• Sensorineural hearing loss: When the fragile hairs that pick up sound, called stereocilia, are damaged by loud noise they are normally destroyed. Normally, this is a chronic, progressive and irreversible type of hearing loss. Because of this, people are normally encouraged to avoid this kind of hearing loss by wearing hearing protection. Even though sensorineural hearing loss is permanent, it can be effectively treated with hearing aids.
  • Mixed hearing loss: It’s also possible to have a combination of sensorineural hearing loss and conductive hearing loss. This can sometimes be hard to treat because the hearing loss is coming from different places.
  • Auditory Neuropathy Spectrum Disorder: It’s relatively rare for somebody to develop ANSD. It takes place when the cochlea doesn’t effectively transmit sounds from your ear to your brain. A device known as a cochlear implant is usually used to treat this type of hearing loss.

The desired results are the same even though the treatment solution will vary for each type of hearing loss: to improve or maintain your ability to hear.

Hearing loss types have variations

And that isn’t all! Any of these common types of hearing loss can be categorized further (and more specifically). Here are a few examples:

  • Acquired hearing loss: Hearing loss that develops due to outside forces (like damage).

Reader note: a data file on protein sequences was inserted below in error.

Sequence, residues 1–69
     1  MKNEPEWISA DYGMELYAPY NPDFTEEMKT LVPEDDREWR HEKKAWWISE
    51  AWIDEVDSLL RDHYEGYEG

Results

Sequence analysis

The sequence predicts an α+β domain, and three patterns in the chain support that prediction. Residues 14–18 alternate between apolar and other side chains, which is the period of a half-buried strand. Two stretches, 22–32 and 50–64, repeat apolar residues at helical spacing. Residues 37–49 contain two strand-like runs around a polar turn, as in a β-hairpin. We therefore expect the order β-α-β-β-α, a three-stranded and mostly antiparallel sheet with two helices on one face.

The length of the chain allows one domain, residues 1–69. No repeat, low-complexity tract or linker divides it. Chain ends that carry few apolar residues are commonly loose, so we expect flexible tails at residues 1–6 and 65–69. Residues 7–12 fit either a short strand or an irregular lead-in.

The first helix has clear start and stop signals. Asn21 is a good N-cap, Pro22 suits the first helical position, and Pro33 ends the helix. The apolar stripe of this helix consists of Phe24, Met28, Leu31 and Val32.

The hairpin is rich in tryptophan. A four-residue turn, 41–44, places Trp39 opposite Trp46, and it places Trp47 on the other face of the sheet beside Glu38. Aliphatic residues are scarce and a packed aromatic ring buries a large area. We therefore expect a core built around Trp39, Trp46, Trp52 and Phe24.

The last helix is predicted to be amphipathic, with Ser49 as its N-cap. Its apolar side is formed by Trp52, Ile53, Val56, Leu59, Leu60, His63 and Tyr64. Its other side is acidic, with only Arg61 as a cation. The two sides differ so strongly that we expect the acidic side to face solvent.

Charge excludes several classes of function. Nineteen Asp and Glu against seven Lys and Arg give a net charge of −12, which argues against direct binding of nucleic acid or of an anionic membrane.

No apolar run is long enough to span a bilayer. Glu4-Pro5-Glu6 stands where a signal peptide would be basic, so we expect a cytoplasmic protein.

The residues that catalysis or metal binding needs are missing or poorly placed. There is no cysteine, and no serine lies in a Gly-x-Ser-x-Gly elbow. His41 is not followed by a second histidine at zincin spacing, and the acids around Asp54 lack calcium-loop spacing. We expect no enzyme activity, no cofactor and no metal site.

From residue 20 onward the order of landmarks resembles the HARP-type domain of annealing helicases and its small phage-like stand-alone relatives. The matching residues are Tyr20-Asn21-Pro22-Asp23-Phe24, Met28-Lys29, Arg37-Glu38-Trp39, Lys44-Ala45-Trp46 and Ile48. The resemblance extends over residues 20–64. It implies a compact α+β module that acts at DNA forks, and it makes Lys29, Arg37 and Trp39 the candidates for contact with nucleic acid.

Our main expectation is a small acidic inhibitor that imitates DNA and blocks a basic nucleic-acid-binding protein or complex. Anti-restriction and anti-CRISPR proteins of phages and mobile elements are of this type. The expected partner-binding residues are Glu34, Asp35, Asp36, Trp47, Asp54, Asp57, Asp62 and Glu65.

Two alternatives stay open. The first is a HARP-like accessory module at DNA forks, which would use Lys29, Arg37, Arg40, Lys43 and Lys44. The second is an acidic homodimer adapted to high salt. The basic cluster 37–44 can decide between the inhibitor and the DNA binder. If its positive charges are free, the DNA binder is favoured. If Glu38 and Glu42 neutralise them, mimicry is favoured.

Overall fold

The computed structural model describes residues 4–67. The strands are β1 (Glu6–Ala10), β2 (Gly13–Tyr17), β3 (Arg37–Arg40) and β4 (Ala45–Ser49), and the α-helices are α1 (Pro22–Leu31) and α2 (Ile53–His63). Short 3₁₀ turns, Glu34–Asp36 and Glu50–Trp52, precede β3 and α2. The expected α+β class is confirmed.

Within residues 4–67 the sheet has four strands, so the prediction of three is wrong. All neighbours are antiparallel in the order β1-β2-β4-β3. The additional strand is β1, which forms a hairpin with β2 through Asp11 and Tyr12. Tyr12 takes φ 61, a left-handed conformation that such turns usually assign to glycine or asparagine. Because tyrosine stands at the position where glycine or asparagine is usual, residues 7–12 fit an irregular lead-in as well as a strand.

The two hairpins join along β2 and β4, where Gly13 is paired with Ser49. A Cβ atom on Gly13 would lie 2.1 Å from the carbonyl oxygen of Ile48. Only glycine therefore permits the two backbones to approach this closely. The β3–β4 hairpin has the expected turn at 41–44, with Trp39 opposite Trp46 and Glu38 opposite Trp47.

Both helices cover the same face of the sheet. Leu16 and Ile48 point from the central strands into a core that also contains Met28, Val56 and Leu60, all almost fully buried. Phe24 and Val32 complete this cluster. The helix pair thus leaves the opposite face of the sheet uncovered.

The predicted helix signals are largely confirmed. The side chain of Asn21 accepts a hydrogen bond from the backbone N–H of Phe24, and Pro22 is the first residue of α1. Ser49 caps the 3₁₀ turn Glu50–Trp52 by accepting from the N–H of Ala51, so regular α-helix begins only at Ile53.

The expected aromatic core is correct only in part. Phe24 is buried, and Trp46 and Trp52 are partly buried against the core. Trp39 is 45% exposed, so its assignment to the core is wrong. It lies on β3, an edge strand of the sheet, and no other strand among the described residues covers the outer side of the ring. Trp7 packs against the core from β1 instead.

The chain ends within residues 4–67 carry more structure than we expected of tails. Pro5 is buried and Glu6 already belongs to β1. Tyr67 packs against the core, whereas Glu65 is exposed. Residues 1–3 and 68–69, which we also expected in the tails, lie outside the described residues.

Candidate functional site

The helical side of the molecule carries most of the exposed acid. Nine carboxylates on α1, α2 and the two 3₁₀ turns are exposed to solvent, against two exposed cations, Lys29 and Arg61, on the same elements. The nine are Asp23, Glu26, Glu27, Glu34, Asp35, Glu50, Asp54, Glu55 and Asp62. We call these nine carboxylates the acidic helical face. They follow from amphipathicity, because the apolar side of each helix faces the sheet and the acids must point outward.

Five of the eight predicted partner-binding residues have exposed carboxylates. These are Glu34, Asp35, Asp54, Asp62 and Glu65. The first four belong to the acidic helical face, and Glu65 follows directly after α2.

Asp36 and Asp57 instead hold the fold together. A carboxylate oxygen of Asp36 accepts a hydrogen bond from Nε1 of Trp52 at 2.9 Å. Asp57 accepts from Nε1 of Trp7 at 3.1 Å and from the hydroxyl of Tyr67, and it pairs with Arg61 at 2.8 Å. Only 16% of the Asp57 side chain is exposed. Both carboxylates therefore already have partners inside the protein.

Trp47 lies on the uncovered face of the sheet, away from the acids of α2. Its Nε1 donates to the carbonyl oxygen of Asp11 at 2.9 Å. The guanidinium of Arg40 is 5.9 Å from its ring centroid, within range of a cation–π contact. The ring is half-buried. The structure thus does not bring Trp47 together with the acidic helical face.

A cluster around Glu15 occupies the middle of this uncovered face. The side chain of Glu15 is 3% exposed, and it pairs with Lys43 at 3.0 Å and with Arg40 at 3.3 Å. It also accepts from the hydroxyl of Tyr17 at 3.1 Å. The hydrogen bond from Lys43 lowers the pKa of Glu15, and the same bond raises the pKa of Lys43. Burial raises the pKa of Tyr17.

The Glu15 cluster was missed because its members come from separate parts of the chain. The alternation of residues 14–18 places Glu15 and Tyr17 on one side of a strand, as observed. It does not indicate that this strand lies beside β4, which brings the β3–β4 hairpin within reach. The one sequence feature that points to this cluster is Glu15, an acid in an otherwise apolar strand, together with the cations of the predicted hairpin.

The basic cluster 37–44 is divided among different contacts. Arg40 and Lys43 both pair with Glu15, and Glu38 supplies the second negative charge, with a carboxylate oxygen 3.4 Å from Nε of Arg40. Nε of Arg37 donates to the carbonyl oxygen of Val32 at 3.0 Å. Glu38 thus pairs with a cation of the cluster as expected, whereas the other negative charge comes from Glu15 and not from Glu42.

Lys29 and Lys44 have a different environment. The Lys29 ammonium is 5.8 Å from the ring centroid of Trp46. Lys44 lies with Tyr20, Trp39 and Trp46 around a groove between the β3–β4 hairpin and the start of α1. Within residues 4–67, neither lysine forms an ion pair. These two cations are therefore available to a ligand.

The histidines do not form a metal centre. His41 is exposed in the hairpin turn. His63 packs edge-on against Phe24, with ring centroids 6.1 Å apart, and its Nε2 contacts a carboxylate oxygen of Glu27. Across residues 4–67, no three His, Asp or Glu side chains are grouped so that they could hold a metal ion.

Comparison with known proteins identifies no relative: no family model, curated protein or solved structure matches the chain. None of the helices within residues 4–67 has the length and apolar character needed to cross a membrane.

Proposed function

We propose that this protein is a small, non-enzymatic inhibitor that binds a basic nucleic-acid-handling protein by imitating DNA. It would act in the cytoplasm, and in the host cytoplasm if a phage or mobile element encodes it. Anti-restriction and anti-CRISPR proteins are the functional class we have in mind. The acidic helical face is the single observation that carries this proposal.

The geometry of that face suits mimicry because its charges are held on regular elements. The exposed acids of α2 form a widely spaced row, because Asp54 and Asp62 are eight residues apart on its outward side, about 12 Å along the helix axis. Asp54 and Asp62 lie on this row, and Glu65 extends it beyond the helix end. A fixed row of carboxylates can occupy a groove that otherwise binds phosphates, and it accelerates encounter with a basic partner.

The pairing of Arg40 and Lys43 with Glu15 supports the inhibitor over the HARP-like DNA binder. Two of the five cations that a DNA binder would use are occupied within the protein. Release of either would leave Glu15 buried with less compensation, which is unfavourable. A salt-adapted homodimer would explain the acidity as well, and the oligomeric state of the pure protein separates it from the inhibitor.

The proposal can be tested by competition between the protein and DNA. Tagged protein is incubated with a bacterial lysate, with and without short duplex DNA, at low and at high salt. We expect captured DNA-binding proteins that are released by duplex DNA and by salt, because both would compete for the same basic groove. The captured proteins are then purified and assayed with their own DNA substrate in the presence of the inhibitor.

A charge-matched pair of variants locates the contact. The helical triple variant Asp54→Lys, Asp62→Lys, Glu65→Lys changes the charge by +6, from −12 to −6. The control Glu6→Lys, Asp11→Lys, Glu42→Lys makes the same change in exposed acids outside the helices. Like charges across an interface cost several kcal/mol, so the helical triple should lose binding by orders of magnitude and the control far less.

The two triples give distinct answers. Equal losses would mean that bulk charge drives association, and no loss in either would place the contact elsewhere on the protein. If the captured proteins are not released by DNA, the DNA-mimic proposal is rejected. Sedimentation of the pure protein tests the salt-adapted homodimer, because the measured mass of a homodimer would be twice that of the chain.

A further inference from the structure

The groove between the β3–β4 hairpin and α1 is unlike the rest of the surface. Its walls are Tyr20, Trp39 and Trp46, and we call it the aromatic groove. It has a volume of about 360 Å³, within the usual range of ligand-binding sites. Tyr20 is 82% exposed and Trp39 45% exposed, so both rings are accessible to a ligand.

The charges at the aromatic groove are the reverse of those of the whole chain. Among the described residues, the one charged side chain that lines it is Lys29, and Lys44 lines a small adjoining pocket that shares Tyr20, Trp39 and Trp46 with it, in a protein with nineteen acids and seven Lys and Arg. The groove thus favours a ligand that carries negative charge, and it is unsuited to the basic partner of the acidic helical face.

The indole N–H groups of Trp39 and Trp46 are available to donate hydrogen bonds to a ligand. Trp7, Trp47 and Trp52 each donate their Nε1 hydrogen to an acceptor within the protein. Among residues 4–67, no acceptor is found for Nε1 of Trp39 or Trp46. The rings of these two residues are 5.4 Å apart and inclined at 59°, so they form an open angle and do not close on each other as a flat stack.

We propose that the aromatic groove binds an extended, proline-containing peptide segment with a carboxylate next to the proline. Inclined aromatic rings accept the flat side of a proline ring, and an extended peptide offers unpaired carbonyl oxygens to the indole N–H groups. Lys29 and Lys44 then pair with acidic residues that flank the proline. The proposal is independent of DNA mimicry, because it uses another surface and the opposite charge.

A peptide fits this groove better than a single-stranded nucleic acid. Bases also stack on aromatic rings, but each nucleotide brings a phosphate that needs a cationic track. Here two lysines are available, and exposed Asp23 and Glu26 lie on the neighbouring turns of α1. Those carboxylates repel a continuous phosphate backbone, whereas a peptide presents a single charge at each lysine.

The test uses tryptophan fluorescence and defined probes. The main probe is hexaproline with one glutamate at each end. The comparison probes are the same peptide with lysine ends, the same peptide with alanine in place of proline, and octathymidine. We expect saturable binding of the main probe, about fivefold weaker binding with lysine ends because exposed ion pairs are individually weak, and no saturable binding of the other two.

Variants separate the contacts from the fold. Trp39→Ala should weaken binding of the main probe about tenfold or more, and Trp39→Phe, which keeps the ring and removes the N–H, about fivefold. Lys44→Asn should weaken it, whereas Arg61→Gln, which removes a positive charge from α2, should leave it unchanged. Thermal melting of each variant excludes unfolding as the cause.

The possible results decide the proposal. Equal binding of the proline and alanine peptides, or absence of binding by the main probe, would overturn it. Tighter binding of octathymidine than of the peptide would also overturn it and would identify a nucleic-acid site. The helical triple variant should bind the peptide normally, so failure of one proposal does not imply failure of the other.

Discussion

• Congenital hearing loss: Hearing loss you were born with.
  • Pre-lingual or post-lingual: If your hearing loss developed before you learned to speak, it’s known as pre-lingual. If your hearing loss developed after you learned to speak, it’s called post-lingual. This can have implications for treatment and adaptation.
  • Progressive or sudden: Hearing loss that gradually worsens over time is called “progressive”. If your hearing loss happens all at once, it’s known as “sudden”.
  • Symmetrical or asymmetrical: This tells you whether your hearing loss is the same in both ears or unequal in both ears.
  • Unilateral or bilateral hearing loss: It’s possible to develop hearing loss in one ear (unilateral), or in both (bilateral).
  • High frequency vs. low frequency: You may experience more trouble hearing high or low-frequency sounds. Your hearing loss can then be classified as one or the other.
  • Fluctuating or stable: Fluctuating hearing loss refers to hearing loss that appears and disappears. If your hearing loss stays at approximately the same levels, it’s called stable.

If that seems like a lot, it’s because it is. But your hearing loss will be more successfully treated when we’re able to use these categories.

Time to have a hearing test

So how do you know which type, and which sub-type, of hearing loss you’re experiencing? Self-diagnosis of hearing loss isn’t, regrettably, something that is at all accurate. It will be hard for you to know, for instance, whether your cochlea is working correctly.

But that’s what hearing tests are for! It’s like when you have a check engine light on in your car and you take it to a qualified auto technician. We can hook you up to a wide variety of machines, and help identify what type of hearing loss you have.

So contact us as soon as you can and make an appointment to figure out what’s happening.

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The site information is for educational and informational purposes only and does not constitute medical advice. To receive personalized advice or treatment, schedule an appointment.